fri 21/06/2024

Best of Enemies, Young Vic review – fast-paced portrait of a clash between two titanic egos | reviews, news & interviews

Best of Enemies, Young Vic review – fast-paced portrait of a clash between two titanic egos

Best of Enemies, Young Vic review – fast-paced portrait of a clash between two titanic egos

A vivid and witty recreation of politics in the late Sixties

Battle of wits: David Harewood as William Buckley and Charles Edwards as Gore VidalWasi Daniju

No playwright has a scalpel as sharp as James Graham’s when it comes to dissecting politics; he has a brilliance and edge that strips away all unnecessary material till the beating heart of the matter is revealed.

His latest tour de force takes the pulse of 1968 America where – against a backdrop of anti-Vietnam protests and outrage at the assassination of Martin Luther King – right wing polemicist, William F Buckley, is embarking on a series of TV debates with liberal Gore Vidal.

Graham’s fondness for origin stories is well-chronicled. Ink, for instance, his play about the rise of Rupert Murdoch, was simultaneously an investigation of populism and Brexit. In the same way, this fast-paced portrait of the clash between two titanic egos is an analysis of how TV transformed politics; if it weren’t for the power of on-screen charisma, it’s subtly asked, would Boris Johnson even have had a shot at Downing Street?

Not that you need to pick up on any of this to enjoy the vivid recreation of the late Sixties in Jeremy Herrin’s beautifully observed production which opens behind the scenes at America’s ABC news. The channel is struggling; early on one of the characters quips “the best way to end the Vietnam War would be to broadcast it on our channel – it would be cancelled within the week”.

Those who have read Vidal’s wonderful essay On Flying, where he talks about being filmed flying a plane at the age of 11 (his father was a pilot) but being too terrified to talk to the camera, will chart his obsession with TV as dating from the Thirties. For Buckley, however, the TV was a necessary evil – his worry in 1968 was that it would cheapen his public image. In the play his wife teases him that he will become a “performing monkey” even as he demurs that he is a “public intellectual”.

The lightness of Graham’s touch belies the fact that he is at his best when chronicling people who are doing nothing less than change history – for better or worse (Dominic Cummings take a bow). In this Headlong production the walk-on parts feature everyone from Aretha Franklin (a vibrant, self-assured Justina Kehinde, pictured below) to James Baldwin (an eloquent, scene-stealing Syrus Lowe). Particularly striking is Tom Godwin’s vacant Andy Warhol, hilariously described by Vidal as the "first man I’ve met with an IQ below 60, yet he’s a genius".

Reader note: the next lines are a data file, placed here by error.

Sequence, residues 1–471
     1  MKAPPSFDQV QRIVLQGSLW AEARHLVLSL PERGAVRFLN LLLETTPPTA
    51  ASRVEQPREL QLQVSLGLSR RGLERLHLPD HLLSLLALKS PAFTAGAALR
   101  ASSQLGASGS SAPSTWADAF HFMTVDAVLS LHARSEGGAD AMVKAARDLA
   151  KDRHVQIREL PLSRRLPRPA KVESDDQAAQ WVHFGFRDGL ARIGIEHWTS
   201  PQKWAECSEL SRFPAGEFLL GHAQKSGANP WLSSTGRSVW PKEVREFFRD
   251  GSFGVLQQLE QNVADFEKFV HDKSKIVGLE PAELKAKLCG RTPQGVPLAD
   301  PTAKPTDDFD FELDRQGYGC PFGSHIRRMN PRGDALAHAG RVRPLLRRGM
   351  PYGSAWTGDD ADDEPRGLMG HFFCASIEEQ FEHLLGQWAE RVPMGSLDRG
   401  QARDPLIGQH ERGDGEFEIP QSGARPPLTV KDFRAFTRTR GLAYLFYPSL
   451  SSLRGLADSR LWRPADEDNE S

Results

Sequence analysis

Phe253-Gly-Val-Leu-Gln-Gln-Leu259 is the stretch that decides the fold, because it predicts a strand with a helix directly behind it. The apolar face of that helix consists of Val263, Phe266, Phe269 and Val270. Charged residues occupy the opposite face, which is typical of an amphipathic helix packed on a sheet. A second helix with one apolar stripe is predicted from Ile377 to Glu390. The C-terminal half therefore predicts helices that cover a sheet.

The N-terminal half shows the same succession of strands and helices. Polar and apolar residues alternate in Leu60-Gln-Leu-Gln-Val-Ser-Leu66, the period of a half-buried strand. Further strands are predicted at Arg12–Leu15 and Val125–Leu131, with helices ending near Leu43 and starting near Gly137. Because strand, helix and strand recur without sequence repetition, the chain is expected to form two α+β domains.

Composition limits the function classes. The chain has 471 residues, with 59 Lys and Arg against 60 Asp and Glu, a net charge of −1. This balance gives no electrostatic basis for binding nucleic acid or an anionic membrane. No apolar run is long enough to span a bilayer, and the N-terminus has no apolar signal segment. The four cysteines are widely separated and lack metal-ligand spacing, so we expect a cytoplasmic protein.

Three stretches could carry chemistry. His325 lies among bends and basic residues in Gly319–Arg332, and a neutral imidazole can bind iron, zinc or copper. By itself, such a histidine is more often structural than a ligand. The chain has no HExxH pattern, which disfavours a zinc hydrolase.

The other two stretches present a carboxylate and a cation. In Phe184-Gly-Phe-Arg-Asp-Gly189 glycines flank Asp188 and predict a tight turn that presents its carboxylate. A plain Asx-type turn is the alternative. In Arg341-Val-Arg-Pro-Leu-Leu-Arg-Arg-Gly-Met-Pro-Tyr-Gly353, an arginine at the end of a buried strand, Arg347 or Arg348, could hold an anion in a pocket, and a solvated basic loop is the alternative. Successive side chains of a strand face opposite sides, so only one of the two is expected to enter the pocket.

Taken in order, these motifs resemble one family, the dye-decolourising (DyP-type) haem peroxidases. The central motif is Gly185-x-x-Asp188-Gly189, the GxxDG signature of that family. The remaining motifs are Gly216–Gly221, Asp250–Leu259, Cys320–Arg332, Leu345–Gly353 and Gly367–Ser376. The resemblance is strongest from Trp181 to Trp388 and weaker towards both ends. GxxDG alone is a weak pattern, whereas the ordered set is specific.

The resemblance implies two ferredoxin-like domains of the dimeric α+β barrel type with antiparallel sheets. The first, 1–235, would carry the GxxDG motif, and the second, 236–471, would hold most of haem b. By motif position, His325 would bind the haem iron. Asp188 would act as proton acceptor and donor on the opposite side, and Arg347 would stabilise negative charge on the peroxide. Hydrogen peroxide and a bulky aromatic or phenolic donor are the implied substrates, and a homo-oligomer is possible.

Vidal and Buckley are appropriately played by two towering actors, the former by Charles Edwards, the latter by David Harewood. But this is also a clever game with time. Today no-one could blink at the fact that an actor who has played leading roles at the National Theatre and on Homeland should play Buckley. Yet while, by the late Sixties, Buckley was becoming increasingly outspoken in favour of civil rights, in his earlier career his racist views meant that it would have been interesting for him to discover that one day he would be played by a black man.

Bunny Christie’s slick design fetishises the retro-glamour of a Sixties TV studio. Monitors on museum-worthy film cameras flicker with what’s happening on the stage in front of then, while historic footage on the three screens at the top of the set is brilliantly echoed by the production’s actors. At the heart of the drama, as with so many Graham plays, is essentially what’s happening in one room. When that room’s a studio, with two people of the stature of Buckley and Vidal, he shows how the outcome creates tremors that resonate for decades.

Politics hounds will be more than familiar with the documentary by Morgan Neville and Robert Neville that inspired the play, and the outburst that made Buckley in particular question the wisdom of ever going on TV. Yet Graham is too canny a writer to make this any one protagonist’s victory. Vidal’s waspish wit, seductive worldliness and political connections would gain him iconographic status. Yet despite Buckley’s remorse, we are also made to ask questions about whether it’s preferable to be famous and insecure or certain of your convictions and loved.

Tom Gibbons’s sound design is a retro-delight, with everything from Aretha Franklin’s stunning, controversial rendering of the US anthem as soul to the edgy laments of the Velvet Underground. Luke Halls’s video design is just one in a seasonal display of video delights (he has also designed The Book of Dust at the Bridge Theatre), yet the news footage bestows an authenticity on proceedings for those who didn’t catch Walter Cronkite and Howard K Smith first time round.

There’s no shortage of wonderful escapist theatre around right now, but this is a bracing and thoroughly enjoyable look at the recent and very real past. Perfect not just for politics obsessives but for anyone fascinated by the vanities and delusions of what makes someone tick as a human.


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